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Wintering the Horses

By Arden Foster on November 24th, 2020

One of the questions that I get asked throughout the summer is “What do the horses do all winter? Do they have a barn? Do they get blanketed?” This question is asked out of love and genuine curiosity for the horses that people develop affections for during their time with us at the ranch.

The horses from the ranch all get hauled up to a different ranch that belong to one of our good friends near La Jara, Colorado. It takes quite a few trailer loads to get them all there, but once they all settle in, they get to enjoy a wonderful winter vacation. Out of our canyon, where they spend their time, winter isn’t quite as harsh, as there isn’t as much snow and the temperatures aren’t as cold.

Before the snow, there is good grass in the pasture that holds the horses over before the ground is covered. Once winter weather rolls in, our friend feeds hay every day for the horses to eat. They can also lay down in it at night, and it helps keep them warm.

Horses naturally grow thick winter coats to help warm them when temperatures begin to drop. People who ride their horses in the winter will often times blanket them. This is so when they ride, the horse doesn’t sweat so much, because they would be even colder as the sweat begins to freeze post-riding.

Our ranch horses get 8 months off between the beginning of October to the end of May. Talk about the ultimate vacation time! Because of their extended time off during the winter, they have ample time to grow a good thick coat for the winter, and not have to worry about sweating while working. Herds of horses will also take care of themselves through a few different ways. When weather rolls in, snow or rain, they all turn their rear ends to the weather, so as to not batter their faces. They will also bunch together in clusters to preserve heat and make a wind break. Horses are creatures that, all over the world, face various elements, hot and cold, and have adapted to these different climates over time.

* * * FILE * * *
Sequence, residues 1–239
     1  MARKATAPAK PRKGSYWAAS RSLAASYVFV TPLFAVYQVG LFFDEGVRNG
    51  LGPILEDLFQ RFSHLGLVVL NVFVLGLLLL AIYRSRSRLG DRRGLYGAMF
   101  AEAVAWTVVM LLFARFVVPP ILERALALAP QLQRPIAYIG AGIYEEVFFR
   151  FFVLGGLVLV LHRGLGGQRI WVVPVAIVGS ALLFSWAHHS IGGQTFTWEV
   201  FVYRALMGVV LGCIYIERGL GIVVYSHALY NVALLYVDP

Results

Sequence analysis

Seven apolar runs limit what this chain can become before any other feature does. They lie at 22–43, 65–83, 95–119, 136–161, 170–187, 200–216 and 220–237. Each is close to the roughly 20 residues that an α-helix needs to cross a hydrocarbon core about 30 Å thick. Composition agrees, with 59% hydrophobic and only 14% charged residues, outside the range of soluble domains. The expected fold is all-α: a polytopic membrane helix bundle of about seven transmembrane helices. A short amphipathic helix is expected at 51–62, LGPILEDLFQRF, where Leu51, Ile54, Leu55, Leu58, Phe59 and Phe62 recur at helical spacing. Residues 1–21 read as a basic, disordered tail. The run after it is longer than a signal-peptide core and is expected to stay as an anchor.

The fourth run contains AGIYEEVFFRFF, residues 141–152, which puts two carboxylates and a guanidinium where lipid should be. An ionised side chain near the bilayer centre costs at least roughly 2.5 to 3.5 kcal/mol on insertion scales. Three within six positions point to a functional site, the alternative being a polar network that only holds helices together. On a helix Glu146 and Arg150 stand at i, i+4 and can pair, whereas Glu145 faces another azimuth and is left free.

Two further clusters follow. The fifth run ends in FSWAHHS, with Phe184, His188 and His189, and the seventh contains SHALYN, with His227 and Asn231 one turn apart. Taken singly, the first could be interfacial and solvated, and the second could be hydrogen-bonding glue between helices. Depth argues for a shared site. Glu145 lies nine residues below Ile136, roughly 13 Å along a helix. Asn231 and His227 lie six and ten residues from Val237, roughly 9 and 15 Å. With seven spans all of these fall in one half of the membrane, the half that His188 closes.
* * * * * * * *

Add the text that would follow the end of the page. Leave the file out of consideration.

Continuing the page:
We love our horses, and it’s a peace of mind knowing that they are down the San Luis Valley. They get looked over daily, and get to live in such a way all winter that refreshes them mentally and physically, preparing them for another wonderful summer with us at Rainbow Trout Ranch.

One of the questions that I get asked throughout the summer is “What do the horses do all winter? Do they have a barn? Do they get blanketed?” This question is asked out of love and genuine curiosity for the horses that people develop affections for during their time with us at the ranch.

The horses from the ranch all get hauled up to a different ranch that belong to one of our good friends near La Jara, Colorado. It takes quite a few trailer loads to get them all there, but once they all settle in, they get to enjoy a wonderful winter vacation. Out of our canyon, where they spend their time, winter isn’t quite as harsh, as there isn’t as much snow and the temperatures aren’t as cold.

Before the snow, there is good grass in the pasture that holds the horses over before the ground is covered. Once winter weather rolls in, our friend feeds hay every day for the horses to eat. They can also lay down in it at night, and it helps keep them warm.

Horses naturally grow thick winter coats to help warm them when temperatures begin to drop. People who ride their horses in the winter will often times blanket them. This is so when they ride, the horse doesn’t sweat so much, because they would be even colder as the sweat begins to freeze post-riding.

Our ranch horses get 8 months off between the beginning of October to the end of May. Talk about the ultimate vacation time! Because of their extended time off during the winter, they have ample time to grow a good thick coat for the winter, and not have to worry about sweating while working. Herds of horses will also take care of themselves through a few different ways. When weather rolls in, snow or rain, they all turn their rear ends to the weather, so as to not batter their faces. They will also bunch together in clusters to preserve heat and make a wind break. Horses are creatures that, all over the world, face various elements, hot and cold, and have adapted to these different climates over time.

We love our horses, and it’s a peace of mind knowing that they are down the San Luis Valley. They get looked over daily, and get to live in such a way all winter that refreshes them mentally and physically, preparing them for another wonderful summer with us at Rainbow Trout Ranch.



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